the industrious biographer

Jonathan Coe - Like a Fiery Elephant

Something worth reminding ourselves of: literary biography really doesn’t have to be the shabby exercise in academic body-snatching that has the purists and snobs grinding their teeth. Without the slightest whiff of formaldehyde and methanol to incriminate them, resurrectionists with spirits touched to finer issues have served the literary great and good to lasting acclaim. We’d be the worse off, as readers, without Holmes’s Coleridge, Holroyd’s Shaw and Ellmann’s Joyce.

It seems often to be assumed that the biographer has no more exalted a motive than prurience, some psychic kink that makes of the effort something no worthier than a stringer from the News of the Screws rifling through celebrity dustbins. If the trade-off is between perfection of the life or of the work, then it is nonetheless fairly legitimate to ask why anyone – any sane, integrated personality - should choose the latter.

Jonathan Coe is a reluctant detective in his biography of Bryan Stanley Johnson, in any case. A novelist by trade (and by instinct – the knotty problem of truth-telling is one that recurs) Coe wonders aloud at points throughout Like a Fiery Elephant: the Story of B.S. Johnson, whether, perhaps, taken all-in-all, he mightn’t have been better off writing a fictionalised account of Johnson’s life. He is also remarkably candid about these misgivings – the biography’s meta-thesis concerns itself with the essential absurdity of pinning down any life in 600 pages, and constant self-questioning accompanies Coe’s otherwise crisp annotations of the Johnson vita.

But how does he fare, our accidental biographer? Coe places great emphasis on – and an almost-allowable credence in – a supernatural encounter Johnson claimed to have had in his early twenties: delivered only obliquely in diary entries and a short story, it appears to have been a theophany of sorts, in which Johnson was in some sense bound to the White Goddess, an enslavement that was to compromise his sexual relations and, Coe suggests, displayed in the suicidal tendencies Johnson was periodically – and terminally – afflicted by. What are we to make of this? Johnson devoured and, one might say, internalised Robert Graves’ mythographical study The White Goddess, with its core conceit of the poet’s devotion to his Muse and his quasi-hieratic role as her suitor and chamberlain. Johnson’s unassailable self-belief in his literary powers clearly needed some basis. If Coe finds himself at a loss to discover it, he admits as much, at least.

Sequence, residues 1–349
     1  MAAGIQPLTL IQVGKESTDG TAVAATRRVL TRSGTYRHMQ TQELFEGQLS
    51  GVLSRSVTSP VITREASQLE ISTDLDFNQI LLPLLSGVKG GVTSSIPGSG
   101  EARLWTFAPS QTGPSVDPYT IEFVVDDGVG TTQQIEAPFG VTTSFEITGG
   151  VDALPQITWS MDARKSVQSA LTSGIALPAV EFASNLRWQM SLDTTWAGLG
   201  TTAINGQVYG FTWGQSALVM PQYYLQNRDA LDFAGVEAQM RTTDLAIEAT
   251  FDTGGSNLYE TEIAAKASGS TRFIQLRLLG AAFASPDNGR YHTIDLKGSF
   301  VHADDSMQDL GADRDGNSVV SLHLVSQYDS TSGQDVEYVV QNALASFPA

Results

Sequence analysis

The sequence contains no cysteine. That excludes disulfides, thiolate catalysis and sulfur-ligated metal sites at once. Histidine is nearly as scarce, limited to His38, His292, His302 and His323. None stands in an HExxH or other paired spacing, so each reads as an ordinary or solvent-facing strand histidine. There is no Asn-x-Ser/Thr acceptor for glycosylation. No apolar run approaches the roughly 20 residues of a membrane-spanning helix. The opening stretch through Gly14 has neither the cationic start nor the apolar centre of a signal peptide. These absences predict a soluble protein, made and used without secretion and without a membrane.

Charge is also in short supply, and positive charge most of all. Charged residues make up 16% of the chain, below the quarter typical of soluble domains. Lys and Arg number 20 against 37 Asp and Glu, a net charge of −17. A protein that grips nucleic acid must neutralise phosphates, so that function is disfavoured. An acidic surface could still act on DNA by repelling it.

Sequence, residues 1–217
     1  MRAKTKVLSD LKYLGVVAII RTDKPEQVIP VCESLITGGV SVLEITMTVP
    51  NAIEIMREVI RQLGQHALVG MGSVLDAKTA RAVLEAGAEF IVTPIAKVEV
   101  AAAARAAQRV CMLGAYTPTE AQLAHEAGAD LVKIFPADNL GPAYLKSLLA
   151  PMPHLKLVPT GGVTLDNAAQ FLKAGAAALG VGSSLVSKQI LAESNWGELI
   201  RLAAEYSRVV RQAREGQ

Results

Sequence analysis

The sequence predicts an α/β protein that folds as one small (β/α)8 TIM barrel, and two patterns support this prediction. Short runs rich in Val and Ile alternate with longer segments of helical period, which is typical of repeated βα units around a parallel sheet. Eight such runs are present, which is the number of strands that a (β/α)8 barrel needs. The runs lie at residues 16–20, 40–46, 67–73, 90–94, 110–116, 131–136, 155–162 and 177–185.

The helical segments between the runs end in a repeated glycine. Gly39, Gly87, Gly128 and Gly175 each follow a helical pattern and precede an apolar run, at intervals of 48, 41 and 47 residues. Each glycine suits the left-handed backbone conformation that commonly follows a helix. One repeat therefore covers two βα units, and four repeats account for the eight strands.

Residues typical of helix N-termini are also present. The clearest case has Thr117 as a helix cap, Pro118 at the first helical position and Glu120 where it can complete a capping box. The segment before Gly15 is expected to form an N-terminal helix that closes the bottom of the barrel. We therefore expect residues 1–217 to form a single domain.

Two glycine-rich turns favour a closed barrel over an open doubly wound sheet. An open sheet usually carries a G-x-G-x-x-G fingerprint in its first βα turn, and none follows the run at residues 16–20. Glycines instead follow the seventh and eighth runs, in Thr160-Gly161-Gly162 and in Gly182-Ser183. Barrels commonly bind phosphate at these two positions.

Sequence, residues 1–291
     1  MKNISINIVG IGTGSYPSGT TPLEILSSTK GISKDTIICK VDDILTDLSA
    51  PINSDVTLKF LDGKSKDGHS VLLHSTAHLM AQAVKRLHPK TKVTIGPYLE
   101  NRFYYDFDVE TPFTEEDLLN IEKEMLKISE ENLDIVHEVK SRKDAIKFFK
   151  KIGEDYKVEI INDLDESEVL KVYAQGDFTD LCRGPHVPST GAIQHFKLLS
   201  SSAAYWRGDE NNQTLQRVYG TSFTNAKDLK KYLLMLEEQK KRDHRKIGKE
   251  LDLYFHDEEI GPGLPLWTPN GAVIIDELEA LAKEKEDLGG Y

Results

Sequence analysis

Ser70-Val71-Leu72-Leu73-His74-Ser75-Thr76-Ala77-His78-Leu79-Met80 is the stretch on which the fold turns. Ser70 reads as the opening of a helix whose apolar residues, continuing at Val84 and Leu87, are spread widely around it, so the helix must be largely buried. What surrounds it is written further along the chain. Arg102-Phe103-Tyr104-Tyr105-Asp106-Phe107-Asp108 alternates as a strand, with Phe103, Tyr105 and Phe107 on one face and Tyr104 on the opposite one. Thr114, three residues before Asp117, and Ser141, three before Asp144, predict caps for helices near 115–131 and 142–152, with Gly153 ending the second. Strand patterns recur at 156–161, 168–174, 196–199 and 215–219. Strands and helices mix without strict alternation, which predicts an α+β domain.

I’m half-inclined to suspect that Johnson was fibbing about his brush with the Moon-goddess, the Mother of All Living. A working-class lad from Hammersmith without the bluechip sanction of an Oxbridge education, his eye would have lit on Graves’ remark, “I cannot think of any true poet from Homer onwards who has not independently recorded his experience of her.” A more authoritative imprimatur no writer could ever have asked for.

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